Greeting Beyond the Front Door
Covenant has been blessed with an excellent group of Sunday morning greeters. They faithfully stand by the front door ready to welcome all who enter, focusing especially on those who are new to our congregation. Armed with a heart for people, a warm smile, and a half-dozen loaves of the world’s finest welcome bread, they stand ready to extend the love of Christ in a tangible way.
But we must view them as our first line of greeting defense, not our last. Their service should serve as an example to us all, setting a tone of hospitality that wonderfully permeates every corner of the church on every Sunday morning. When a new person (who is often far more nervous than they let on) is greeted not just by the “official” greeter at the door, but by five or six others within the congregation, it sends a powerful message. It communicates that we not only have greeters, but that we are greeters through the love of the One who received us when we were still strangers to God. Jesus Christ is the ultimate Worship Greeter, and He has commissioned us to welcome others in His Name.
How can we go about this blessed work? First, we need to prayerfully prepare ahead of time and come to church with a commitment to look for and greet those people we do not yet know. Introduce yourself, and ask if they are new. Take an interest in who they are and where they come from. Offer to be of help in finding their way around the building or tell them more about the church and its mission. Take time to seek them during those crucial moments right before and right after the worship service. Your old-time Covenant buddies will likely stick around a few minutes to catch up. By and large, new visitors will not.
If you’re afraid you’ll discover that the “new” person you’ve greeted has actually been at Covenant for 15+ years and you just didn’t know it, don’t worry about it. Better a moment of passing embarrassment than a missed opportunity to reach a person who may never darken the door of a church again before the judgment day.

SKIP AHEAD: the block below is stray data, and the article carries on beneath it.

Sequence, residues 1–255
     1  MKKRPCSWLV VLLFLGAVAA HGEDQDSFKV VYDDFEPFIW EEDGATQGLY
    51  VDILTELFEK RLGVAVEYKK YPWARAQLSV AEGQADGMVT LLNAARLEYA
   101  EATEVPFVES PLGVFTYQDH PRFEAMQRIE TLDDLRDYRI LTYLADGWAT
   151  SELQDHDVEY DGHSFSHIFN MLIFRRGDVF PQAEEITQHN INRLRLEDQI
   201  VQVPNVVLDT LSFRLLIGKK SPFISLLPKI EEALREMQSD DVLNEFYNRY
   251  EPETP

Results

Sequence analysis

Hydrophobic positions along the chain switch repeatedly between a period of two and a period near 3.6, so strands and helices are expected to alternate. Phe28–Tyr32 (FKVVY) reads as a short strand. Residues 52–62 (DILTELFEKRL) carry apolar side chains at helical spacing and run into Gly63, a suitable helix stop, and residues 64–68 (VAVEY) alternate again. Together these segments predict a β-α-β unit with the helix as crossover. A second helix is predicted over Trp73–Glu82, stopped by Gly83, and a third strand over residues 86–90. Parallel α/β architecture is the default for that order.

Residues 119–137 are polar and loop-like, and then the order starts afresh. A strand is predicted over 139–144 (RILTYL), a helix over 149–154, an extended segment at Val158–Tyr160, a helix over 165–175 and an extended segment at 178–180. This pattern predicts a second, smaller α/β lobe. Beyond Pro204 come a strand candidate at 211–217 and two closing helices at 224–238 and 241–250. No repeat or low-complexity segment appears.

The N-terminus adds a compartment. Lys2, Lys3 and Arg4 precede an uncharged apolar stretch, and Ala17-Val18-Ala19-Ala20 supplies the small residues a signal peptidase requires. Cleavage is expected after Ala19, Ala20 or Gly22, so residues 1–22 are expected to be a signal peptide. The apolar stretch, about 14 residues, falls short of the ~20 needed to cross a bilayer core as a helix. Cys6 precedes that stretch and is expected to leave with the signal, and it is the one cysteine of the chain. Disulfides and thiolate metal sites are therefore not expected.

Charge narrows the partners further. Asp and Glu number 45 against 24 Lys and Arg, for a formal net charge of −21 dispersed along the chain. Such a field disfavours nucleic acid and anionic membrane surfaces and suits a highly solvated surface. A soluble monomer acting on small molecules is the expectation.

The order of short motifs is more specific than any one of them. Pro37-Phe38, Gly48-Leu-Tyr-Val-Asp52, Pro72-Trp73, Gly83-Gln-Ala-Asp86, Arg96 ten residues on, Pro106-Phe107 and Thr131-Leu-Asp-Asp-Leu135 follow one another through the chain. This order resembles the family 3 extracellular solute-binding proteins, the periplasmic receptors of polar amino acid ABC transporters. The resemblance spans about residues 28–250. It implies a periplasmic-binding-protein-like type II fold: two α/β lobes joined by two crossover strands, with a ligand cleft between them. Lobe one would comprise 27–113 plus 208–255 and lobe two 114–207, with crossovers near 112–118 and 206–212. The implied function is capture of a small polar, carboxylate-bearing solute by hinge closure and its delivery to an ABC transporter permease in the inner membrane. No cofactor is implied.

If you’re a shy person who doesn’t like doing this sort of thing, let me gently encourage you to remember the words of David from 2 Samuel 24:24, “I will not sacrifice to the Lord my God… offerings that cost me nothing.” The very fact that this form of Christian obedience is especially hard for you makes it all the more fragrant an offering to the Lord. God’s commands regarding hospitality (found in passages such as Romans 12:13 and Peter 4:9) are for all of His redeemed people, not just those who find them fairly easy to fulfill.
If you are an outgoing person, my challenge to you is even greater. You’ve been blessed with a gift that is less common than you might think. You should not only welcome new folks, but seek to introduce them to others, look out for them on future occasions, and even consider inviting them to join you for lunch after the service. As Luke 12:48 says, “From the one who has been entrusted with much, much more will be asked.” Don’t bury your gift. Use it for God’s glory!
Finally, a great way to grow in this regard is to intentionally place yourself in a setting where you know no one and have absolutely no clue what you’re doing. Nothing is as humbling as being the “new guy.” Nothing gives you a heart to greet more than when someone greets you when you really need it. Nothing makes you more sensitive to the needs of the stranger than to be a stranger yourself. That’s one of the reasons our Lord Jesus is such a perfect Savior: He made Himself the ultimate stranger so that we who were far away might be drawn into the family of God.
So let’s greet beyond the front door. You never know when such a simple act may yield an eternal result.